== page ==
People have had the audacity to tell me I’m just “used” to being sick.  Well?  How do you explain my 10-month remission? How do you explain the millions of people with this issue???  There’s the power of positive thinking and most every day I have moved forward in optimism — that’s not something that someone who is “used” to being sick does.  I’m outraged.

Anyone want to start a letter-writing campaign?  At the time I had read this article, it had been published not quite 3 days prior and the comments are already closed (you ought to read some of them!).  I find that to be terribly interesting.

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Letters for Lyme: The Whole World is Watching

This is stolen from my Lyme Alliance of the Berkshires newsletter:

Letters for Lyme: The Whole World is Watching:
A National Letter-Writing Campaign,
Spreading Awareness About Chronic Lyme Disease

Starting in the fall of 2010, Letters for Lyme was born from the imaginations of Lyme advocates Bambi Albert and Kenneth Mercure in response to a noticeable need for self-empowerment and an “activism for all” approach to enacting change. We wanted to provide everyone a chance to stand up and let their voice be counted, with little to no energy expenditure, something anyone suffering from a chronic illness knows is not often an available resource.

Since it’s inception there have been three campaigns, two major and one smaller localized campaign, the two most recent with specific themes: Physician Awareness and Science Isn’t Spelled With A $, which was launched in response to an inflammatory article written by the IDSA referring to Lyme advocates as “anti-science zealots” among other insults. The event was also planned to be done adjacent to the IDSA Annual Conference Protest which took place in Boston, MA on October 22nd, 2011.

With Lyme Disease Awareness Month just around the corner (starting May 1st) it is time for us to start building support for our next campaign and work towards making this the biggest we’ve ever done- period!

Letters for Lyme functions on a very simple structure. As a participant you are provided two different form letters, one for traditional mailing and another for use online, for text-limited email/submission forms. By May 1st there is also likely to be a third letter, specifically written to promote federal Lyme legislation currently working it’s way through Washington.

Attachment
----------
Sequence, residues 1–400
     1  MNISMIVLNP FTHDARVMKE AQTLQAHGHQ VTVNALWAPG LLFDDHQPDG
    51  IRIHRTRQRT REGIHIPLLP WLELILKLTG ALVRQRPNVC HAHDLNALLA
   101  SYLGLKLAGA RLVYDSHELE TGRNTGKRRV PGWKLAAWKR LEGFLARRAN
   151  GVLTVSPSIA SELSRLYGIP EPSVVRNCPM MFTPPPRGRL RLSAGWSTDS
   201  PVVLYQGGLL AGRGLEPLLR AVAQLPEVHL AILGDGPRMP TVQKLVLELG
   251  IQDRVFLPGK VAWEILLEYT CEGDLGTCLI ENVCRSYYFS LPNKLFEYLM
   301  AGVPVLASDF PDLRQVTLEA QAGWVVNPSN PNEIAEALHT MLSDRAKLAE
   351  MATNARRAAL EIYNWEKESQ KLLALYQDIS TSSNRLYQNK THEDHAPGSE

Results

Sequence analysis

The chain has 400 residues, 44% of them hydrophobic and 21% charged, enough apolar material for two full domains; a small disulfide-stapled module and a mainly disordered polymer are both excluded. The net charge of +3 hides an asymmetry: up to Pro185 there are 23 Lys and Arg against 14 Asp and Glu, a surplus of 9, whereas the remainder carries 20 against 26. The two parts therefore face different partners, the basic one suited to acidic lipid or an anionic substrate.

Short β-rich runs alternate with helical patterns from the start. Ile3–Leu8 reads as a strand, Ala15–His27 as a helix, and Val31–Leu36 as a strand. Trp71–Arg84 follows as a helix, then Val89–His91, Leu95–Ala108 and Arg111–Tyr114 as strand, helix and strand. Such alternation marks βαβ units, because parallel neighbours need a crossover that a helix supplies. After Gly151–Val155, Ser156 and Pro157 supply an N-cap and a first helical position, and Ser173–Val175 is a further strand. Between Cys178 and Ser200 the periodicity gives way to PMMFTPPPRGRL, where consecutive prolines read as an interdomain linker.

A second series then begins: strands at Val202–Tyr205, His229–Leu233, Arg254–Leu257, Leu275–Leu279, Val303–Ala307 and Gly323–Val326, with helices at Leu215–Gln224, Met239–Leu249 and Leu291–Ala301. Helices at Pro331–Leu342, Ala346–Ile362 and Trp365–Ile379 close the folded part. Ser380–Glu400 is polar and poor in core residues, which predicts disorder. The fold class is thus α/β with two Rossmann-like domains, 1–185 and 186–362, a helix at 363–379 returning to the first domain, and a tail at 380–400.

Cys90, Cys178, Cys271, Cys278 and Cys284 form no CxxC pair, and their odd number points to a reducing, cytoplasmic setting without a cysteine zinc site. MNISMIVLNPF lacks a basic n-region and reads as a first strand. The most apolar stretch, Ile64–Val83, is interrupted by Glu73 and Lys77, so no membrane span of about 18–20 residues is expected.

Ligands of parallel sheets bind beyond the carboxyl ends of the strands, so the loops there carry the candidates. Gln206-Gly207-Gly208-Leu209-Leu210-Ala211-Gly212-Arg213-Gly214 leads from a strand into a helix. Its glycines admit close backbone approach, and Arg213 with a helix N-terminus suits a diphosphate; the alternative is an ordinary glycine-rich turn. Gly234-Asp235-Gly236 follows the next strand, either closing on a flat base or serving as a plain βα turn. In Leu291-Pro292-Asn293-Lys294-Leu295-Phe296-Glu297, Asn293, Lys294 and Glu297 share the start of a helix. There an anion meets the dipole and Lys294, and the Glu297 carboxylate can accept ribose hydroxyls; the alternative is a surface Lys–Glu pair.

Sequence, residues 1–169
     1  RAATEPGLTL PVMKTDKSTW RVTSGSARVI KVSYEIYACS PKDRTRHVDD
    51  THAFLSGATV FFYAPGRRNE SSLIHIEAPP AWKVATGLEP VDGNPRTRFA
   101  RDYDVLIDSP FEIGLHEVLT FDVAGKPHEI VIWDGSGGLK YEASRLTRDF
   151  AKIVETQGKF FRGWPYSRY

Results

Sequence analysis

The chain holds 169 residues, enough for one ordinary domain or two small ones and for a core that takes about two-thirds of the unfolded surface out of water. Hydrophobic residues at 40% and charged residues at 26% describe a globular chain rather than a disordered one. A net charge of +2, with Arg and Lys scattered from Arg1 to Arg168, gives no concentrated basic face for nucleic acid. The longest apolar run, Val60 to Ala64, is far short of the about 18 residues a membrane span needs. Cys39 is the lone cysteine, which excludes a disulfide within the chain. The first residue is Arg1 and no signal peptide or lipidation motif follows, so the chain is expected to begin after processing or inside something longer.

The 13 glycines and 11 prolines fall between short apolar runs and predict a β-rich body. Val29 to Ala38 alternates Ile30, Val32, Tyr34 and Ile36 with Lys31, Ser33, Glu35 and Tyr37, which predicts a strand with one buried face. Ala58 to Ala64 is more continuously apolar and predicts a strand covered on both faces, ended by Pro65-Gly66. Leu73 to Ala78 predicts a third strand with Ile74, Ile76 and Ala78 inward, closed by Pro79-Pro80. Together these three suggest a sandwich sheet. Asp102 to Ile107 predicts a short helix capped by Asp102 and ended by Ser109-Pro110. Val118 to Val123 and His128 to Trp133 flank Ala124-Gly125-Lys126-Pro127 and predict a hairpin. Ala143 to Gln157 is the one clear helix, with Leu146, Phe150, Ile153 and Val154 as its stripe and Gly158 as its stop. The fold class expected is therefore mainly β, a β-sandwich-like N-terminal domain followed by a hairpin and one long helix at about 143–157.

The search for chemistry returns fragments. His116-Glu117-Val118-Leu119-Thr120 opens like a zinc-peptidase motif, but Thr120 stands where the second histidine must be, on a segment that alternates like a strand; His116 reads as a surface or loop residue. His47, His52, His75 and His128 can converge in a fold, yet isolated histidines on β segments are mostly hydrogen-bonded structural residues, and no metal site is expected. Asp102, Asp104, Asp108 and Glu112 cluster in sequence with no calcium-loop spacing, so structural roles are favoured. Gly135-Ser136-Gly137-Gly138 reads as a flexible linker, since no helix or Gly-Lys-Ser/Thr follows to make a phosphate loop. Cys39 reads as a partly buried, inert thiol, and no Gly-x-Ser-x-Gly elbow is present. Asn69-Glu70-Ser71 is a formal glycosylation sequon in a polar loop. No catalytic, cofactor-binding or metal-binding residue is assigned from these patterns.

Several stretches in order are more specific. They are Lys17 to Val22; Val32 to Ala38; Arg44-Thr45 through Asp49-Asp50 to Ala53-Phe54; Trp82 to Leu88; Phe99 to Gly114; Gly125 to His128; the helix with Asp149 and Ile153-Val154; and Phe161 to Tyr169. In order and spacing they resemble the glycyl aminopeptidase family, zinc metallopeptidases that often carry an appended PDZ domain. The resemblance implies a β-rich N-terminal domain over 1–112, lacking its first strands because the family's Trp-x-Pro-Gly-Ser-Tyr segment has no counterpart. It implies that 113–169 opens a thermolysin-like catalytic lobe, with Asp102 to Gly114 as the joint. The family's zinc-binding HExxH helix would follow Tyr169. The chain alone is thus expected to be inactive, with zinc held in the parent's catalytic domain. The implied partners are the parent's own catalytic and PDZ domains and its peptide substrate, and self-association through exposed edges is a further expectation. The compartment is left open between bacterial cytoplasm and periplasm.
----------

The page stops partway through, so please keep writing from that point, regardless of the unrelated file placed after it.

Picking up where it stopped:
You are also provided an extensive list of contacts where you can send your letters, varying from government officials, health organizations, the media and press, celebrities and charitable organizations, all with complete contact information, both for online and snail-mail.

Participants may take part throughout the month of May, from the beginning to the end of the month.

For more information, please go to:
http://lettersforlymeproject.blogspot.com

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Malpractice Suits Lyme Disease

Well. Does it really “suit” Lyme Disease? Or is it just that there is so much conflicting information, no real consensus, and therefore inadequately educated physicians? How many of us have been told we have:

1. Depression
2. Chronic Fatigue Syndrome
3. Fibromyalgia
4. Hypothyroid
5. Rheumatoid Arthritis
6. Anxiety
7. MS
8. ADD/ADHD or a Learning Disability (more likely in children)
9. Autism (more likely in children)
10. Early onset Alzheimer’s

I know for ME, myself …. this is the cycle of diagnoses I went through with
Doctor 1:
1. Hypothyroidism (he was RIGHT and I responded to treatment initially, but he was reluctant to pursue anything beyond this …. and I later found out Lyme CAUSED the thyroid issues)
2. MS (he kept saying he faxed paperwork to the neurologist – I never heard anything. This talk of MS went on for over a month)
3. some type of anemia ? A vitamin B deficiency …. he tested me for it and suggested I take B vitamins anyway
4. Chronic Fatigue ….. he made it clear there was no treatment for it. I cried and sobbed, unintelligibly begging him to listen to me and that I know my body ….. here he said:
5. DEPRESSION.

Here I fired him.
Doctor 2:
1. He smiled politely, ordered some blood work and …. gave me a ‘script for Ativan. I know Ativan is an anxiety med. He didn’t SAY it was in my head, but I got the message.

Here I fired him.
Doctor 3 :